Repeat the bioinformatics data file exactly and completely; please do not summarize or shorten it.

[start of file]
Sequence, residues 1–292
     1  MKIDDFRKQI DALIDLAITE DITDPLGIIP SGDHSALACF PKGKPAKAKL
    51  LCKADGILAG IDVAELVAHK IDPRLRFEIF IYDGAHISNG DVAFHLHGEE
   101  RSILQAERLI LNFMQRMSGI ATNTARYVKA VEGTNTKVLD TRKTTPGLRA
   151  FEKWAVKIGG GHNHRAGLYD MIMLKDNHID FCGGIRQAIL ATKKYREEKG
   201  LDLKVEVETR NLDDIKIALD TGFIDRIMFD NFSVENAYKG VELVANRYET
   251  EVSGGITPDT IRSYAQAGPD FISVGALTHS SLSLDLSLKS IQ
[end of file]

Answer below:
Sequence, residues 1–292
     1  MKIDDFRKQI DALIDLAITE DITDPLGIIP SGDHSALACF PKGKPAKAKL
    51  LCKADGILAG IDVAELVAHK IDPRLRFEIF IYDGAHISNG DVAFHLHGEE
   101  RSILQAERLI LNFMQRMSGI ATNTARYVKA VEGTNTKVLD TRKTTPGLRA
   151  FEKWAVKIGG GHNHRAGLYD MIMLKDNHID FCGGIRQAIL ATKKYREEKG
   201  LDLKVEVETR NLDDIKIALD TGFIDRIMFD NFSVENAYKG VELVANRYET
   251  EVSGGITPDT IRSYAQAGPD FISVGALTHS SLSLDLSLKS IQ